Understanding the Law
May 13, 2011
Technology – a necessity in the Court

The world of electronics is at our fingertips and we only have to make a deliberate effort to make frequent use of it in our Courts.{{more}} We have been already drawn into the world of electronics associated with the usage in the United States. I was recently involved in a case which was literally heard in my Chambers. My client applied to the court in the United States for the matter to be heard electronically and the request was granted. Thereafter, the other party who was based in the US appeared before the judge while my client appeared in my chambers. There was no obstacle to the conduct of the matter. The party before the judge provided the necessary identification by recognizing the voice of my client. My client was sworn in and was able to give evidence by way of the telephone. After a few adjournments, the matter eventually came to an end to the satisfaction of my client. A paper judgment was later received from the court.

Making the court accessible

Teleconferencing is essentially a way of accommodating a party or witness who for some legitimate reason cannot be present at the designated courtroom. This accommodation means that a person does not have to journey to the United States or the court does not have to physically come to St. Vincent every time a matter is heard. This is a way of extending justice to persons who because of their location or for any good reason may not be able to access the court. This is an age of affordable Internet communication and this could help to reduce costs. Persons overseas have to incur great expenses to journey to the court’s location to have a matter heard. This would help to prevent a person from having to travel to St. Vincent only to be told on arrival that the matter is adjourned. It could also help to shorten the queue and the waiting for lawyers and parties especially for matters such as possessory titles. While teleconferencing might be perfectly convenient in civil matters it would pose some difficulties for criminal matters where there is a jury and where there is a need to observe the demeanor of the witness.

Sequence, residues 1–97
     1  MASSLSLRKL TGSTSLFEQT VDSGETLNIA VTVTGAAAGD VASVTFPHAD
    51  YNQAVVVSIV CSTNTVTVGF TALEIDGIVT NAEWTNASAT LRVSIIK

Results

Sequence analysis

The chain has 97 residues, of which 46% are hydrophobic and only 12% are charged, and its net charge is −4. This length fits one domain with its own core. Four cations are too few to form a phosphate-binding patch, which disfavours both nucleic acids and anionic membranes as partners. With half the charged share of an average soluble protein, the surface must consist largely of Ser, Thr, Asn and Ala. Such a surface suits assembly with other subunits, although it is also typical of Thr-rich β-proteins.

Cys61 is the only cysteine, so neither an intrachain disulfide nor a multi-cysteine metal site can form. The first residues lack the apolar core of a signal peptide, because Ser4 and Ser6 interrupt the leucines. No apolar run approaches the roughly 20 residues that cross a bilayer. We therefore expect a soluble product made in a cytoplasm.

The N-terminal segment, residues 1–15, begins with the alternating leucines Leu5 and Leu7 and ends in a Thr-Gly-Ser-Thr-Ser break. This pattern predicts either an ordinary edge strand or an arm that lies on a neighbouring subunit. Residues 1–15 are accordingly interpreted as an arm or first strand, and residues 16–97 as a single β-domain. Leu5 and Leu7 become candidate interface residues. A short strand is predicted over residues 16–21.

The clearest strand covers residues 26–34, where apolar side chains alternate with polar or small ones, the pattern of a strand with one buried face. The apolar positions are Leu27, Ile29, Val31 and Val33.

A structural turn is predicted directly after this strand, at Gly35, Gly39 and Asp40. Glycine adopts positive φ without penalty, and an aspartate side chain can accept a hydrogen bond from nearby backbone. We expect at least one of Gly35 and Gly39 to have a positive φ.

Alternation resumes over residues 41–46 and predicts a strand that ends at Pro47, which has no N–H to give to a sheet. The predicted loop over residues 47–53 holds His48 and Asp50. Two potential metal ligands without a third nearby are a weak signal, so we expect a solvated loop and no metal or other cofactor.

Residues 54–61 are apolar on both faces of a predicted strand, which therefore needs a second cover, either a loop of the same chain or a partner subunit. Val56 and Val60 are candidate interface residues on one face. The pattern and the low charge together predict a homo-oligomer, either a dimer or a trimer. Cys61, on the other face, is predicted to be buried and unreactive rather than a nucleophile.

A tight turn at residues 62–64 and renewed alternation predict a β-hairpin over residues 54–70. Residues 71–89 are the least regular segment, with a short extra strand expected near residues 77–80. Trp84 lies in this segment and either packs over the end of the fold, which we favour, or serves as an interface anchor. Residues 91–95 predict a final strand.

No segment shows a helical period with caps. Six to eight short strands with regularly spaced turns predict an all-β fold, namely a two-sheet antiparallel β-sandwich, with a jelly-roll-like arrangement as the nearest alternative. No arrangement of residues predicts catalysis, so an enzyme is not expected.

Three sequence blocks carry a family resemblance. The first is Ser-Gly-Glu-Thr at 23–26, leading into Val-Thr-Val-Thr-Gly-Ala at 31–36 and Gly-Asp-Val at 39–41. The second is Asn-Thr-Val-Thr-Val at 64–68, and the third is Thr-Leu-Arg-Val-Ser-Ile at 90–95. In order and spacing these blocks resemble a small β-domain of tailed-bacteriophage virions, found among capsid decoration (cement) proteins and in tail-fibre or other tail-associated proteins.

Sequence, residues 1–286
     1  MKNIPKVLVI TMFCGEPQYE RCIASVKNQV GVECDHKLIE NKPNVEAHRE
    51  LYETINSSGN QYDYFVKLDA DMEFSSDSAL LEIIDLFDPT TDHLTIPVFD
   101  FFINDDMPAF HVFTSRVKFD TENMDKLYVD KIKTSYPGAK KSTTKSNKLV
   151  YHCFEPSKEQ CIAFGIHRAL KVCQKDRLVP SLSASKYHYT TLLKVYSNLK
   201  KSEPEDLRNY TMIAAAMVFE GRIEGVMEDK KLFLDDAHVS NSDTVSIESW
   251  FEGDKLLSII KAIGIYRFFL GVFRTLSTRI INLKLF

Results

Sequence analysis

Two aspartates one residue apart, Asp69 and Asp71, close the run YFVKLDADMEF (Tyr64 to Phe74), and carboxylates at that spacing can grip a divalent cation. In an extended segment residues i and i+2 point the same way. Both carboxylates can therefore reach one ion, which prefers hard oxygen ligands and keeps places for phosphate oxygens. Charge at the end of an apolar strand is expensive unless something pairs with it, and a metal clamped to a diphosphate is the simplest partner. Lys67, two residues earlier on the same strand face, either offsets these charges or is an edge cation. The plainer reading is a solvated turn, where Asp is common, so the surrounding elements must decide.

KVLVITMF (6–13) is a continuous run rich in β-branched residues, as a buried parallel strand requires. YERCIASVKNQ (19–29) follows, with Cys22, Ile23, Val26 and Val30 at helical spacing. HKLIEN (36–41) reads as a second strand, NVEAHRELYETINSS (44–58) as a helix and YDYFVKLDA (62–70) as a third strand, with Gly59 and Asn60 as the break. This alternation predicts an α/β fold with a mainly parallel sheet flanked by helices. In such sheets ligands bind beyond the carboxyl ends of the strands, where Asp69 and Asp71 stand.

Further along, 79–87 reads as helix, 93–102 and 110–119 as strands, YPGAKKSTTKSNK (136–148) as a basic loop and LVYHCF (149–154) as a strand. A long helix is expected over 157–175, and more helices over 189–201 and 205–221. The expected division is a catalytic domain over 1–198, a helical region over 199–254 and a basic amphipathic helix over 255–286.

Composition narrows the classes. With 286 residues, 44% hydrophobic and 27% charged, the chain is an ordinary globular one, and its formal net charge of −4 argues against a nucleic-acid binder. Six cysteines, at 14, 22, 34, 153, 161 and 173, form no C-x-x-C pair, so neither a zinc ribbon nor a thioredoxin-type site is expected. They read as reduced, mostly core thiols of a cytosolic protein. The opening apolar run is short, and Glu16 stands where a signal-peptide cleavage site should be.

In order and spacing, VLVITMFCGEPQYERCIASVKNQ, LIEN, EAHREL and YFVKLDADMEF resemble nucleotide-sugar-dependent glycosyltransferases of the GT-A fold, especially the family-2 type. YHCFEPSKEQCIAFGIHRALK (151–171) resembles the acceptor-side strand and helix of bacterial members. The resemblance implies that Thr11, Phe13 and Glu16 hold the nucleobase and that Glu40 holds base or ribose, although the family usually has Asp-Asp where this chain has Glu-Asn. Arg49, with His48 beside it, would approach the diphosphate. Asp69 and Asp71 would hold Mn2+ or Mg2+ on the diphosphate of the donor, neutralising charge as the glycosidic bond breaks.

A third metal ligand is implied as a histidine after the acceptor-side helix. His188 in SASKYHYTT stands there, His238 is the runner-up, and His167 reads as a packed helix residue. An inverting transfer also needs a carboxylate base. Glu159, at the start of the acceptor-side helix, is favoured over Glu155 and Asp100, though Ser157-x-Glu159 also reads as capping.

Teleconferencing/video conferencing

At least three Court of Appeal judges have to travel three times per year to the nine jurisdictions in the Eastern Caribbean. A Master has to travel once per month (excluding vacation) to the nine jurisdictions. Each government must contribute to travel expenses and hotel accommodation for these itinerant justices of the appeal and masters. The expenses incurred will have to be measured against that of teleconferencing/video conferencing and I am certain that a judge at a regular location as opposed to a travel weary judge who is always on the move would be able to use his energy more meaningfully.

Video conferencing equipment

The equipment for video conferencing is already here in SVG. The laws would have to be amended to provide justice in this new way. We cannot be left behind and it is hoped that the adage that justice delayed is justice denied would no longer be applicable. Special provision would have to be made for parties without lawyers. Yes, it is time for changes in the system and justice must march on in the new age. There would have to be a reliable source of electricity as it plays an important role in digital communication systems.

Ada Johnson is a solicitor and barrister-at-law.

E-mail address is: exploringthelaw@yahoo.com